“An important consideration for those looking at SaaS is how it will extend to on-premise operations,” said Shawn Carnahan, CTO of Telestream. “A lot right now is a hybrid. SaaS is increasingly driven by the workflow that often needs to be distributed via the cloud. Some of this may allow broadcasters to better utilize the premise resources or move the extra processing to the cloud.”

For some broadcasters the hardest part may be simply adjusting to SaaS and the cloud, even in this transition period.

“The biggest challenge with SaaS is always finding the 80/20 balance; it comes down to understanding which features and capabilities will add the most value to the most customers so that you can keep the balance of simple and powerful, which is key to a successful SaaS business,” said Signiant’s Finegold. “The media industry is in a very dynamic stage right now so there are always opportunities for new features and new services. The challenge is to focus on the things that matter most to the most customers—a never ending battle in SaaS.”

SIDEBAR: SaaS and Security

One consideration for broadcasters and production houses that are utilizing SaaS along with the cloud for storage is that data isn’t entirely on-premise. This is a legitimate concern given how Sony, HBO and others in the media and entertainment world have had content stolen or leaked. However, security is something all industries should think about regardless of whether SaaS is part of daily operations.

“More and more we’re seeing broadcast production integrated tighter and tighter with IT departments, but more importantly integrating better IT policies,” said Brick Eksten, CTO for playout & networking at Imagine Communications. “We are finally seeing better collaboration here, and while the broadcast world isn’t at the level of banking systems, I’m not really sure it has to be either.”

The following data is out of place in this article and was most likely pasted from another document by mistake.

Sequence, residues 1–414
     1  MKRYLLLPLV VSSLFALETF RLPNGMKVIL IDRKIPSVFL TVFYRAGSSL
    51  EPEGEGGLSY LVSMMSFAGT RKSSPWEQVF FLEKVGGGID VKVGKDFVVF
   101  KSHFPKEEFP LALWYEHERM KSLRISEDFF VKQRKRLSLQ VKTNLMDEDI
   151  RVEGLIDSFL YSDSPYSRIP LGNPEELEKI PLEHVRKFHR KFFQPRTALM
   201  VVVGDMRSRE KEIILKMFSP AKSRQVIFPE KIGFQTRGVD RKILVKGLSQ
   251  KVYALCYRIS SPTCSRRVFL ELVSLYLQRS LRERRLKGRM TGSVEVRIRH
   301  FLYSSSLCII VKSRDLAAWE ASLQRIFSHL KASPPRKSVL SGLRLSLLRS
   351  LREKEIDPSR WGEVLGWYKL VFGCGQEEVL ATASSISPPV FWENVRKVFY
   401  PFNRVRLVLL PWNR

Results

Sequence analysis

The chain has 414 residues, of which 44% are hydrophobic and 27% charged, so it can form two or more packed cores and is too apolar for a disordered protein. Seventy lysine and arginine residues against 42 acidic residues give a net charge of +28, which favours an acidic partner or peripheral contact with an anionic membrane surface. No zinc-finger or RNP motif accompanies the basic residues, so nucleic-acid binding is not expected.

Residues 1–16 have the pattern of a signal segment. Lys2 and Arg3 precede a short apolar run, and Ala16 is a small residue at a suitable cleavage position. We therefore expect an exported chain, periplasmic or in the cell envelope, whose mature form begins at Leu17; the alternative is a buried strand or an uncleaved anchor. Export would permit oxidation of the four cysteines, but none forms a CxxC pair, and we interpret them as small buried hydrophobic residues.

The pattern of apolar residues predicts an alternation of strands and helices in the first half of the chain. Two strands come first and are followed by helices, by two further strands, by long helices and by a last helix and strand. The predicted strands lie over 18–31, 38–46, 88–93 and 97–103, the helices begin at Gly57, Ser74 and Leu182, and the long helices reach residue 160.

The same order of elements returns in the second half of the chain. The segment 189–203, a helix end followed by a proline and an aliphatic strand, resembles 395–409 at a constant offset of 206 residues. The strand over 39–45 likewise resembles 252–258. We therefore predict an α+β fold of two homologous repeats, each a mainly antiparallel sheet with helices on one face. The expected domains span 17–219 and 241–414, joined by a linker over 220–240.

Taking cybersecurity more seriously is what matters however.

“It is absolutely critical and security hasn’t been taken seriously enough in the industry,” said Ian Fletcher, CTO for media at Grass Valley. “It has actually gone backwards in many ways. We’re used to systems that were disconnected, as for so long we worked on ‘air-gapped’ machines that weren’t connected online. Now with the move to SaaS every system is connected, but at the same time security isn’t always something that you can retrofit into existing infrastructures.”

Ian Fletcher

Ian Fletcher

Added restrictions could of course slow the workflow, especially when many different individuals or teams access the data. However, a cloud with the right security could allow for approved remote access to data and should help broadcasters overcome the barrier of distance.

“We’ve taken the view that regardless of whether it is a private cloud with a data center or the public internet you need the same type of security that you would see if you were doing banking online,” added Fletcher.

Treating data in the broadcast world with the same level of sensitivity as banking or health care is the logical next step.

“SaaS offers the ability to set up the legitimate users for the particular content; as well as their level of permissions where specific control can be granted,” said Todd Kelly, product marketing director at Aspera, a division of IBM. “Broadcasters simply need to organize the content so that they can make sure the right users have the right access. The user access model is the really important part. We’ve seen leaks, but most of it is due to operator error.”